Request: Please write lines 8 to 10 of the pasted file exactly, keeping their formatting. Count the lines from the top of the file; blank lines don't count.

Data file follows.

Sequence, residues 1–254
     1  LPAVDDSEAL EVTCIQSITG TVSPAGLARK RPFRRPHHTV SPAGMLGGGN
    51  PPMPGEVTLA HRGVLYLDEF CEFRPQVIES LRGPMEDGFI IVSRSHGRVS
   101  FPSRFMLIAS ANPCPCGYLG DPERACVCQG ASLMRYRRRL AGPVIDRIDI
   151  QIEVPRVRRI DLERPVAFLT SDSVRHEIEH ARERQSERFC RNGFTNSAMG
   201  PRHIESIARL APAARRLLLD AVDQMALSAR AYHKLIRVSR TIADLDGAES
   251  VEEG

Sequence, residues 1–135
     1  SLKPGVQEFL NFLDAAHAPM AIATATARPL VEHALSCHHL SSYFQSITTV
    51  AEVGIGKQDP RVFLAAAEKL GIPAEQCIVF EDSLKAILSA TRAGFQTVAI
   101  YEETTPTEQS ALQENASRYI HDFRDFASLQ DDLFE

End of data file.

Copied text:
Sequence, residues 1–135
     1  SLKPGVQEFL NFLDAAHAPM AIATATARPL VEHALSCHHL SSYFQSITTV
    51  AEVGIGKQDP RVFLAAAEKL GIPAEQCIVF EDSLKAILSA TRAGFQTVAI